I could be wrong; I often am and in this case I  really hope so. But I  don’t think so.

Classical economic theory (on all sides of the fence) says that recessions are the consequence of inadequate demand. Keynesian analysis says that the way to deal with that is for government to increase spending and/or reduce taxation during a recession, thus putting more more money in people’s pockets and increasing demand.  These two things aren’t, however, equivalent. On the liberal right, tax-cutting is the preferred mechanism because it lets people, not governments, decide how to spend the money and determine where the demand goes; the interventionist left favours more public works (the Mersey Tunnel, the Tennessee Valley Authority, re-arming for the second world war).  Intervention means that the money is actually spent;  individuals and companies, as is their right,  don’t always choose to do so, particularly when there’s deflation about.  The monetary authorities (central bankers) respond to this by devaluing money, making real interest rates negative. This is normally a strong incentive to spend, after all, why keep the money in the bank losing value? One of the problems of today’s global economy is that consumers, and particularly companies, haven’t been spending their money.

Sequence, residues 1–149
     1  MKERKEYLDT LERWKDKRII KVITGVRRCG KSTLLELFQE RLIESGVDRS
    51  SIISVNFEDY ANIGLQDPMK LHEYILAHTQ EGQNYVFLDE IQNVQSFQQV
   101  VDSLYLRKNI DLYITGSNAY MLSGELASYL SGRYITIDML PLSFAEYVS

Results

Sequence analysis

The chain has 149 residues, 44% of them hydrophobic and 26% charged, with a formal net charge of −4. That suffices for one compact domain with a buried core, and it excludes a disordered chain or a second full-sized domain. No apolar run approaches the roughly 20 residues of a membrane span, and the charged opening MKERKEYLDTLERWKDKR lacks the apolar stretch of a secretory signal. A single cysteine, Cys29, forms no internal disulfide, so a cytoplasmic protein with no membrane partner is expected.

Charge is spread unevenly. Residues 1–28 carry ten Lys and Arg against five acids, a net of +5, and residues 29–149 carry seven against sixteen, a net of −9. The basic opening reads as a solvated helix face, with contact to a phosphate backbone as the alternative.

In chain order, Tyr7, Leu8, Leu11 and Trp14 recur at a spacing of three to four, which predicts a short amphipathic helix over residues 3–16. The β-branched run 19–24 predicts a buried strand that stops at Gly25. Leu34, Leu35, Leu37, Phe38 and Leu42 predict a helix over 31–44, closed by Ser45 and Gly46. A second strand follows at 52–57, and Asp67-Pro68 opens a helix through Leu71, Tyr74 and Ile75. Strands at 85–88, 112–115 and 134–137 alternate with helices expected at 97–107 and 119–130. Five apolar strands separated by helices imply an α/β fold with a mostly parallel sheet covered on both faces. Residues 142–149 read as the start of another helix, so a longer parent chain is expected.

Quantitative Easing (QE): blowing bubbles

QE is a emergency lever used by central bankers to devalue money when the interest rate lever has come to the end of its range.  Global interest rates have been near-zero since the crash.  The central bankers create money to buy bonds from financial institutions. Creating money without creating a corresponding amount of stuff inevitably devalues it, which is the point of the exercise. However, QE has operated at a scale far beyond that originally intended.